Determinants of Oman’s Strategic Position on the Gulf Crisis

As a member of the Gulf Cooperation Council (GCC), the Sultanate of Oman is not immune to the council’s troubles, including the ongoing crisis that began in June 2017 when Saudi Arabia, the United Arab Emirates (UAE), Bahrain, and Egypt severed relations with Qatar and imposed a land, air, and sea blockade on the peninsular nation. Neither is Oman capable of completely ignoring whatever negative political, economic, security, and social repercussions that arise from the continued intra-GCC rift or the potential collapse of the alliance. What the sultanate seems to have opted to do in dealing with the crisis is to declare its neutrality, maintain economic ties with all GCC members, support Kuwaiti mediation efforts, and emphasize its customary independence in its foreign relations beyond the GCC.

Privately, however, Omani decision-makers cannot but see folly in how the crisis was precipitated and sustained and how a similar development could, at any time, be justified against their own country. They also know that the UAE-sponsored hacking of the Qatar News Agency and the spreading of false news attributed to Qatar’s ruler, Sheikh Tamim bin Hamad Al Thani, can be easily repeated. After all, Oman has had open diplomatic relations with Iran for decades, a major sin Qatar is accused of committing. The sultanate was also a perpetual odd man out, pushing back at GCC meetings on quickening the pace of political integration—never mind that not many others were too enthusiastic about such a prospect. Its foreign policy approach of strategic hedging, as in Qatar’s case, helped Oman build good relations with many external actors to balance out regional pressures.

Oman’s Response to the Qatar Crisis

It is unfortunate that in today’s Gulf relations, Saudi Arabia’s Crown Prince Mohammed bin Salman and the putative UAE leader, Abu Dhabi Crown Prince Mohammed bin Zayed, operate according to the principle of “if you are not with us, you are against us.” In this atmosphere, it would not be inaccurate to state that Oman’s neutrality becomes an act of support for Qatar. Subsequently, the strident Saudi and Emirati push to further isolate Qatar and cause it more economic and social pain could potentially include unpleasant developments with Oman, not only to sanction its current stance but also to settle old scores. Although antagonizing Muscat at present may not be in the interest of overstretched Riyadh and Abu Dhabi, this does not obviate Oman’s need to protect its independent decision-making or decrease its vigilance. Oman’s continued strategic hedging includes furthering economic and strategic ties with a wide range of countries including Iran, India, Pakistan, the United States, and the United Kingdom, among others.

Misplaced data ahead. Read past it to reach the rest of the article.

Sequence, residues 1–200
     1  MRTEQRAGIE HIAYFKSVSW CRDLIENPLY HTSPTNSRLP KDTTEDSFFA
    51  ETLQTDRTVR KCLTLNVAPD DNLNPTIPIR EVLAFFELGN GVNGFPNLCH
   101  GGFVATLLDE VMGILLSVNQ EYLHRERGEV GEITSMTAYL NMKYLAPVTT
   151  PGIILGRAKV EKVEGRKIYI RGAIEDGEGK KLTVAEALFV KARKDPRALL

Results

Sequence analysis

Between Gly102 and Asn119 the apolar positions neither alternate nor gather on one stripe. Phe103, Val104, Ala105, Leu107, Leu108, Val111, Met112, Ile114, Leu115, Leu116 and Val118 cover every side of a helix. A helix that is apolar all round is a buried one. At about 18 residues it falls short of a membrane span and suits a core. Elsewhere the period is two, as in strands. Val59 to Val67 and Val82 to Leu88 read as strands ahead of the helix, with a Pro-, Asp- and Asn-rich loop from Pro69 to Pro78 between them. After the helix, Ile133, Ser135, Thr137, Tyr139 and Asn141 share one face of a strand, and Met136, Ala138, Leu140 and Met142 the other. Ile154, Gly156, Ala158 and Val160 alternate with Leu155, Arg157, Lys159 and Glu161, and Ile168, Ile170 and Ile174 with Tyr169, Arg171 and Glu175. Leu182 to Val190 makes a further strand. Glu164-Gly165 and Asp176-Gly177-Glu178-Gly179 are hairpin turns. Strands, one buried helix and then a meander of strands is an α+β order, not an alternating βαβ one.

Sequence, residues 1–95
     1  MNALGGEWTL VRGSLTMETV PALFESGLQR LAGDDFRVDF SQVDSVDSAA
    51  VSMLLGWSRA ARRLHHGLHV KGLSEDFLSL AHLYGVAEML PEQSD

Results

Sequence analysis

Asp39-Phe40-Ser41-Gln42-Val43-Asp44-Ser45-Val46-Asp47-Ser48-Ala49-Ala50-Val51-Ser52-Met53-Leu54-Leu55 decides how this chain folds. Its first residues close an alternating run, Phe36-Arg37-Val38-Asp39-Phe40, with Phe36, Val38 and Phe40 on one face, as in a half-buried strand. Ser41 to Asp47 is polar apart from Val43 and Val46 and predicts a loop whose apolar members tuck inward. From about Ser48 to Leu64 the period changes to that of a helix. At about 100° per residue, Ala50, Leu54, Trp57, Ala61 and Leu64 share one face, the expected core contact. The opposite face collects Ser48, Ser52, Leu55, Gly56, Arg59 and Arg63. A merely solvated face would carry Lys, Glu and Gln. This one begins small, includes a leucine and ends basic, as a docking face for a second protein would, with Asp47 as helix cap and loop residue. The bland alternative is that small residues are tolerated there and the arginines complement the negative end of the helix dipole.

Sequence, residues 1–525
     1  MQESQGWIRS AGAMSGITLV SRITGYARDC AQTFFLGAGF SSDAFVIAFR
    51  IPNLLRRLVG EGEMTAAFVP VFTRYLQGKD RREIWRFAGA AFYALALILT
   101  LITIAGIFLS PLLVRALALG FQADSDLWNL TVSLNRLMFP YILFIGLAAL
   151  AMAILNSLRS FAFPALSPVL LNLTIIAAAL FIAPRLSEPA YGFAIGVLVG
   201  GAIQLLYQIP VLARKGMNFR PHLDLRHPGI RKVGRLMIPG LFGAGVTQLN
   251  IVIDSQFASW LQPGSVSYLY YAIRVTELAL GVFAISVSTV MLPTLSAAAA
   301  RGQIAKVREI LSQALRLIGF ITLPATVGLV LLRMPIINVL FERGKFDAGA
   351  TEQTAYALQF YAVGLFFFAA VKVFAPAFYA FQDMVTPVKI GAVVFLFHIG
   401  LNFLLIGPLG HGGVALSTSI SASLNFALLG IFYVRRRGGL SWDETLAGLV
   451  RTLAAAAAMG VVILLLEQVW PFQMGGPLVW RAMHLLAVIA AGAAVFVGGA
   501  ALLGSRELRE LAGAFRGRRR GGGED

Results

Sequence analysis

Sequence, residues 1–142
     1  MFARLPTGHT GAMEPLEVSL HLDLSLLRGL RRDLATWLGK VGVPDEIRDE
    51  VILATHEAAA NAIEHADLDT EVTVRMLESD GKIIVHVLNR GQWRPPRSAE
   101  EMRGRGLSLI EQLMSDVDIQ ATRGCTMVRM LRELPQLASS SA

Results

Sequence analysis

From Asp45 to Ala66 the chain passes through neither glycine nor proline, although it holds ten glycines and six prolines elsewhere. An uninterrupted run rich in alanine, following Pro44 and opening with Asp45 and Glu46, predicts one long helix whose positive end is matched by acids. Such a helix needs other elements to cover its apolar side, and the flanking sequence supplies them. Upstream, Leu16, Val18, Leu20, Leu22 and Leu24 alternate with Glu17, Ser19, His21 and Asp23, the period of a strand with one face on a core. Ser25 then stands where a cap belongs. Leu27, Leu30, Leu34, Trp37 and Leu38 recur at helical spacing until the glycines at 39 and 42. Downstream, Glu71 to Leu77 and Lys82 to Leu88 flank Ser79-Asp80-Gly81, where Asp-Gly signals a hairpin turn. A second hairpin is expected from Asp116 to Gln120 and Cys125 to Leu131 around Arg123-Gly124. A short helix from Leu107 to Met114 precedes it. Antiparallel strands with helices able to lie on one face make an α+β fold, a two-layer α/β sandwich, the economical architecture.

When the GCC crisis began last June, it was not surprising that Oman did not join the Saudi-Emirati-Bahraini-Egyptian diplomatic and economic boycott of Qatar. Muscat’s striving to maintain a neutral stance within the GCC had long been, and remains, a firm characteristic of its foreign policy, coupled with a stubborn adherence to what best serves its independence and economic well-being. Throughout the crisis, Oman has tried to exercise marginal involvement, entrusting Kuwait to lead a rigorous mediation effort that, to the chagrin of Omanis and Kuwaitis alike, has thus far produced no tangible results—despite an active and personal role by US Secretary of State Rex Tillerson. And as if the futility of the mediation––given Saudi and Emirati intransigence––were not enough, the UAE preempted last December’s annual GCC summit meeting with an announcement about the creation of a new Saudi-Emirati political and military entente that represents, at the very least, a challenge to the cohesion and viability of the old GCC.

On the other hand, a clear indication of Oman’s true stance regarding the crisis has been evident in the practical steps it has taken, especially in economic relations, which have also been in line with its own interests. That Qatar needed alternative sources of foodstuffs and other goods, which it had secured through its land route from Saudi Arabia before the crisis, was a well-established and poignant fact. Thus, Oman’s role in this regard was strategically pivotal for Qatar and politically telling as to how the sultanate has positioned itself in this crisis.